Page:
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tonyf333

Halifax and moorcroft dca - after 9 years!!

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Hi guys just wondering if some one could give me a bit of advise ,

 

i had my home repossessed 9 years ago ,

there was a shortfall when they sold it at auction .

 

They haven`t bothered us for 9 years (halifax)

then today i got a letter from the halifax saying they have passed the debt on to moorcroft dept recovery ,

 

i don`t really know what to do, we have not acknowledged this debt .

and cant afford £20,000.

 

any advise would be help full.

Edited by dx100uk
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Totally powerless dca is not a bailiff

And halifax know shortfall under MLC rules outside of 6 yrs are considered uncollectable


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Just ignore Moorcroft or any debt collection agency. It would be up to Halifax to take it further if they could.

 

Under Council for Mortgage Lenders rules, if the Mortgage lender does not make contact for 6 years to chase such a shortfall debt, then I am not sure Halifax can take this forward. This is nothing to do with limitation act, but something mortgage lenders agreed to.


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ive been reading that for mortgage shortfalls can be collectable for 12 years ?

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your home was repo'd it can only be that which is covered by the CML rules

I would politely suggest

[not that I don't would ever say a DCA is lying......….]

that Moorcroft are trying it on for free money to fund their workers holidays

 

as Halifax don't know a thing about them sending the letter......


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In particular para.29

STATEA&P.pdf


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Statue bar in contract Law is 6 years except for a mortgage secured, where it is 12 years.

However, as has been noted, the CML guidance volunteers a reduction from the 12 years set in statute to 6 years.

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when they sold the house they did get in touch with us through a letter telling us there was a shortfall but were were out of work at the time so they said for now we will not pursue it . i think we did get another letter a bout a year later but nothing after that ,till now with moorcroft , does the fact that they did get in touch with us change anything .

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From the guidelines it seems to be that if they haven't contacted you within six years then it's as if it is time-barred.

 

How long ago was the last contact?


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well you didn't receive any letters:madgrin: any halipratts would have to prove they sent them...


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at this stage its just debt re-assignment, the new DCA has not attempted to collect the debt so can be just noted they re-assigned an await their next move.

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Moorcroft don't buy debts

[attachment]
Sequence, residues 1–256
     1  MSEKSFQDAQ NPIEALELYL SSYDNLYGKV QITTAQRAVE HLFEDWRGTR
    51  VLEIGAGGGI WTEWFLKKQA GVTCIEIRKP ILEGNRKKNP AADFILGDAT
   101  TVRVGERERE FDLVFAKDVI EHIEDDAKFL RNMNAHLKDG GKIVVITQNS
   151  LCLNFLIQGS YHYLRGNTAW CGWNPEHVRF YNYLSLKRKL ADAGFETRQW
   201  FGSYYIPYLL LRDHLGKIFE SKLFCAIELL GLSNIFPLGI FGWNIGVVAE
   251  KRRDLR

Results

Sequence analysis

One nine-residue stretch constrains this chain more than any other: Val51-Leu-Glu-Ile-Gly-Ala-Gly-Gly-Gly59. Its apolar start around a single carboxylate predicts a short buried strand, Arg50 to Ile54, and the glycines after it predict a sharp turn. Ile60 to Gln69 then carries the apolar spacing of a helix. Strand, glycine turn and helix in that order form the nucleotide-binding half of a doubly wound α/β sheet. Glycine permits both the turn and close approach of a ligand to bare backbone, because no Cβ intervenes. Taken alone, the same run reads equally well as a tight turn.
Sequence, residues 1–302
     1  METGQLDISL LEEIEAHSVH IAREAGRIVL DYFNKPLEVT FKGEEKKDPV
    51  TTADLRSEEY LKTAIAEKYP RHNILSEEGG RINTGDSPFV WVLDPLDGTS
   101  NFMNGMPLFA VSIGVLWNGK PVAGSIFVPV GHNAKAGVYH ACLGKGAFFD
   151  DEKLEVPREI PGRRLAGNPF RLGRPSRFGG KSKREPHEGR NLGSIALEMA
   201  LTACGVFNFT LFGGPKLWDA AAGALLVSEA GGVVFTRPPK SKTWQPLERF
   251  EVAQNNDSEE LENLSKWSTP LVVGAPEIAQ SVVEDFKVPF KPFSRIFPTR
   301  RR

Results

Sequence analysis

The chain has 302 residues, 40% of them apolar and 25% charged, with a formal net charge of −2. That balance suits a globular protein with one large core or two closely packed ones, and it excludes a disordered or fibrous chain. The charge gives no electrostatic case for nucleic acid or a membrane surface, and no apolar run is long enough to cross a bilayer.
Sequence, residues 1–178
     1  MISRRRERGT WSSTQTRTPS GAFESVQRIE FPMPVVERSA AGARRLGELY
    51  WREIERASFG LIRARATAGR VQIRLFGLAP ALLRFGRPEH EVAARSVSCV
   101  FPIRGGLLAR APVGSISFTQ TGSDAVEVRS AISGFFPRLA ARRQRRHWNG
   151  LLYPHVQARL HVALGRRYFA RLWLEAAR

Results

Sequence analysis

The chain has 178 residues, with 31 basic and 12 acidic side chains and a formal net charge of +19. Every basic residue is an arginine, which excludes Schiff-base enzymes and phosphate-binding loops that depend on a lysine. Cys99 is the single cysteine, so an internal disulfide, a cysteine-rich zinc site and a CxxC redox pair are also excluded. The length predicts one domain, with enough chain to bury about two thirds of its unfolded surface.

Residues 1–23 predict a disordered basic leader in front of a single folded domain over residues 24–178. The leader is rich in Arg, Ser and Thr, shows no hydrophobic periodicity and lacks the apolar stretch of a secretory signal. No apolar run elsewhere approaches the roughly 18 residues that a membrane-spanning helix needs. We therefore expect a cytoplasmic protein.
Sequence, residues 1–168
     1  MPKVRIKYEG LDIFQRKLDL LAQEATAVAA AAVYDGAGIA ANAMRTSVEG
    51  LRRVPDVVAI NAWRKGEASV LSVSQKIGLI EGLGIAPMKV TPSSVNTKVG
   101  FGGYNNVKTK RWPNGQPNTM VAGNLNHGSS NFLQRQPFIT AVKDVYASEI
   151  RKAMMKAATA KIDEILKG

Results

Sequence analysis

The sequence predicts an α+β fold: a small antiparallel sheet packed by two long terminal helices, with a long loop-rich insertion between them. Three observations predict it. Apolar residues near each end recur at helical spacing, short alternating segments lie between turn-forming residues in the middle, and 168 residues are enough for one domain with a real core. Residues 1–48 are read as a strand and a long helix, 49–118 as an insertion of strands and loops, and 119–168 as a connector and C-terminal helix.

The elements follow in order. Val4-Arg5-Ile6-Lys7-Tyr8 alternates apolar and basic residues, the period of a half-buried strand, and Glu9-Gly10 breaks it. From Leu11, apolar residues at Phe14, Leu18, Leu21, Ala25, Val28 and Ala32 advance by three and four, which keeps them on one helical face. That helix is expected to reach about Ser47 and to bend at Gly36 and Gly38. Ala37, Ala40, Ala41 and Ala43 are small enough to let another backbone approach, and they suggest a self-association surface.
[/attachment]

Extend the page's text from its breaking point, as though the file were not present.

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realy how have they got it then , or are they just trying there luck.

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its been assigned by their client

read their letter


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because its been assigned by halifax ? does this make it enforcable? in other words can they take me to court .

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OC's don't do court they'll sell it on


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because its been assigned by halifax ? does this make it enforcable? in other words can they take me to court .

 

Most Banks don't employ that many debt collection staff because the cost would be far too much. Instead the debts are assigned out to DCA's after a given period. With Halifax what seems to happen is that they pass debts to whichever DCA they have contracts with at the time. The DCA will then attempt contact over 6 months or so and if no joy pass it back to Halifax. Halifax may eventually pass it over to the Solicitors they use Shoosmiths, who will write out, but not very often. In the cases I have seen reported, they send a few letters, then give up and a year later more letters. I suppose this is because they have thousands of such debts and cannot spend the time doing much with each case.

 

It think it will always be Halifax that authorise any court actions. I cannot remember seeing them sell on a debt and a new debtor has then taken court action. As dx says, generally OC's don't do court on such debts. If you think about it, if someone has just lost a house through repossession, it is unlikely that much money would be obtained through a CCJ. I doubt a creditors costs would even be covered.

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Basically the bank is in poor shape so they keep the debt on their books as an asset rather than writing it off. that makes it look like the bank can fulfill the liquidity requirements of the EU. idiotic rules forcing idiots to make idiotic statements and idiotic decisions.

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